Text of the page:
Renowned photographer Jerry Uelsmann, a 1960 Indiana University graduate and recipient of the 2014 Distinguished Alumni Award, died April 4, in Gainesville, Florida. Decades before the advent of digital photo-editing software, Uelsmann’s surrealistic photomontages secured his place in the history of photography and contemporary art. From their debut at the Museum of Modern Art in 1967, Uelsmann’s photographs were exhibited in over a hundred solo shows and collected by major museums around the world.
At the time of his death, Uelsmann was professor emeritus at the University of Florida (UF), where he had taught for 38 years. In 2012, UF’s College of the Arts’ School of Art + Art History awarded Uelsmann an honorary Doctor of Fine Arts (DFA) degree. A recipient of the Guggenheim Fellowship in 1967 and a National Endowment for the Arts Fellowship in 1972, Uelsmann was a Fellow of the Royal Photographic Society of Great Britain and a founding member of the Society of Photographic Education (SPE).
Uelsmann created seamlessly composited photographs, entirely in the darkroom. The multiple exposure prints reinvigorated techniques employed by 19th-century artists who approached photography more as painting than a documentary tool. Recognizing the extent to which his images anticipated the capabilities of digital photo-editing software, Adobe invited Uelsmann to create the image for the poster announcing the launch of Photoshop in 1995. Apart from this collaboration, Uelsmann remained committed to an analog process for the rest of his life. “Let us not delude ourselves by the seemingly scientific nature of the darkroom ritual,” Uelsmann once noted; “it has been and always will be a form of alchemy.”
“I will remember him by his wonderful sense of humor, youthful spirit, and generous friendship,” recalled Arthur Liou, Herman B Wells Professor, Eskenazi School of Art, Architecture + Design. “Jerry made art approachable and enjoyable to the general audience, while maintaining an unmistakable intellectual depth.” Liou, Area Coordinator of Digital Art at the Eskenazi School, studied photography with Uelsmann at UF in the 1990s. “His generosity and support were instrumental for me in making the transition from a journalistic practice to the fine arts. I am still trying to get my work right based on something he perfected 40 years ago.”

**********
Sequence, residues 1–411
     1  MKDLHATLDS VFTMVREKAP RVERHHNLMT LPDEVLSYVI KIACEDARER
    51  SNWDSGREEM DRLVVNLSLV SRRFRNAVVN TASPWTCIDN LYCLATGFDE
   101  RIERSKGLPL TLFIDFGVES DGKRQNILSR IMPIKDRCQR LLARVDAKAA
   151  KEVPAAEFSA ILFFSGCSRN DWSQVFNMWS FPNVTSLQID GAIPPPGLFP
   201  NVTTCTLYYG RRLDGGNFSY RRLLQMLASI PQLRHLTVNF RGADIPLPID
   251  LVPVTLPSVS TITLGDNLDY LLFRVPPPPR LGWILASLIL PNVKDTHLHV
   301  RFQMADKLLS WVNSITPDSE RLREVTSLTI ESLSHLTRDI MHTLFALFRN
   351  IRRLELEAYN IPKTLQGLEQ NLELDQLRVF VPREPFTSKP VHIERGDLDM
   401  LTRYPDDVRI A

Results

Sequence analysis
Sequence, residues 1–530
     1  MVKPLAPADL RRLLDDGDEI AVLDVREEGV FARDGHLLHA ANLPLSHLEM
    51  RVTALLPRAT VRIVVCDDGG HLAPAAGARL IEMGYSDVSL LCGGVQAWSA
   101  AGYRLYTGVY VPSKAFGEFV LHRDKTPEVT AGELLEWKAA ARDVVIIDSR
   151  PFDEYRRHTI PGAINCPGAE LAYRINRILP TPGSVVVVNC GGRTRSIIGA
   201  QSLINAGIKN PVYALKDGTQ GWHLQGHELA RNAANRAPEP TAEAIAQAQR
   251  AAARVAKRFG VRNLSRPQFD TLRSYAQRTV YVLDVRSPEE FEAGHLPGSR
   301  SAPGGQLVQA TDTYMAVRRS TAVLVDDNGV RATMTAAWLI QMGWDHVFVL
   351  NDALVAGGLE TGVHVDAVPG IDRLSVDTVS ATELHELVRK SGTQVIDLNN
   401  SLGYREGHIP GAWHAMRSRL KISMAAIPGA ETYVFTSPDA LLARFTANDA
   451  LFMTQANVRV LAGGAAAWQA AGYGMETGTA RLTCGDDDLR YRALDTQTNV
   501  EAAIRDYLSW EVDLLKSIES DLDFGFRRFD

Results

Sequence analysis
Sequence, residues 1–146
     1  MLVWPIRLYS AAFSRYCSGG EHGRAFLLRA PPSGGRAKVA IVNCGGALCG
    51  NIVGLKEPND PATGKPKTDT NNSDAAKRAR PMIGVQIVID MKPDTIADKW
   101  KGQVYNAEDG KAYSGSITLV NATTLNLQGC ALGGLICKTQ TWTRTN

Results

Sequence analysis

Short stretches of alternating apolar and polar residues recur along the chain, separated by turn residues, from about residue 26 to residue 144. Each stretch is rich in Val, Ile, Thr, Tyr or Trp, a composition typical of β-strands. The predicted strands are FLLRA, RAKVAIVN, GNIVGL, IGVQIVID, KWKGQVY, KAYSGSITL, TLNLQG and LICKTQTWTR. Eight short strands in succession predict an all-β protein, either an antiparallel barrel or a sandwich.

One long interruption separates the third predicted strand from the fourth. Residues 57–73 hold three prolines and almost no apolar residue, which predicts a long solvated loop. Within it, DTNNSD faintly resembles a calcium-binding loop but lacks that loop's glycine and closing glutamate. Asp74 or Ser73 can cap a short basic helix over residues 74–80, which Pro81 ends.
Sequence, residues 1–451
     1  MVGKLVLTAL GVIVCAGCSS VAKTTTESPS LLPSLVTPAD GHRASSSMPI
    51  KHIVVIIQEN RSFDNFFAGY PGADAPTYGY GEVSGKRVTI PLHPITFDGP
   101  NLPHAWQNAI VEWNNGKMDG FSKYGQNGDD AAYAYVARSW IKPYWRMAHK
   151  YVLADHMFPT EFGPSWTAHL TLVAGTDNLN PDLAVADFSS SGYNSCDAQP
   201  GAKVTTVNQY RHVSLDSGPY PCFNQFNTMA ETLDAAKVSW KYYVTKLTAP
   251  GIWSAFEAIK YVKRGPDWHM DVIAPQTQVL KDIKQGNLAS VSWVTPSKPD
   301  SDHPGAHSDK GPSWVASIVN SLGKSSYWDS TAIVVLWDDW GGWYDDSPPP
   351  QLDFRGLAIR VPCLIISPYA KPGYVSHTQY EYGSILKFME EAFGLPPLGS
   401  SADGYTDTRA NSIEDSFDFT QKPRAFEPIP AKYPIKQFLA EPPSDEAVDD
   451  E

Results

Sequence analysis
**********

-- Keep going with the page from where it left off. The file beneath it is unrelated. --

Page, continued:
Uelsmann traced his affinity for surrealism and his early darkroom experimentation to his IU days in the late 1950s. “Being at Indiana University and having the intense art history program they had at the time, I was introduced to all aspects of art,” he told WFIU in a 2014 interview. “Once they started showing work by the surrealists, I felt very close to that kind of image. The basic idea that the artist could invent realities that are personally more meaningful than the ones that are literally given to the eye appealed to me a great deal. And I began exploring options in the darkroom very early, some of those started when I was at IU.”
At IU, Uelsmann was a student of longtime professor Henry Holmes Smith, a champion of technological experimentation and of the medium’s potential beyond mere reportage. “I think of Henry Holmes Smith as the person who really pushed me into the deep water,” Uelsmann recalled in 2014, “If you have a serious mentor, they will on the one hand acknowledge that you have certain skills, and on the other hand, keep questioning you about what you believe in, where can this image go.”
At IU, Uelsmann also befriended Jack Wellpott, another Smith protégé who went on to shape the direction of modern photography. During his student years in Bloomington, Uelsmann also spent time exploring the Pigeon Hill neighborhood with his camera.
“The rich relationships Jerry Uelsmann formed with his mentors and peers as a graduate student at IU shaped his artistic vision and, in turn, the direction of modern art,” said Eskenazi School Founding Dean and Professor Peg Faimon.
Hailed for his technical prowess, Uelsmann considered technique merely the means to an end. “When people look at my work, if their first response is ‘how did he do it?’ I feel I’ve failed,” Uelsmann said. “I don’t mind that being the second response ... if the first response is something authentic … or that they humanistically relate to that image.
“When I’m creating my work, I try to just be honest about what is happening within me and I do find ... that the extent to which you work from your pre-conscious inner self, if you do it authentically, other people find ways of connecting with it.”
Uelsmann’s affection for his alma mater did not dim over the years. “His IU spirit will pass on to the generations to come!” said Osamu James Nakagawa, Ruth N. Halls Distinguished Professor, Photography and Director, Center for Integrative Photographic Studies. Every year at the SPE conference, Nakagawa recalled, “Jerry always told our students 'Go IU!’ and ended up singing the IU fight song.”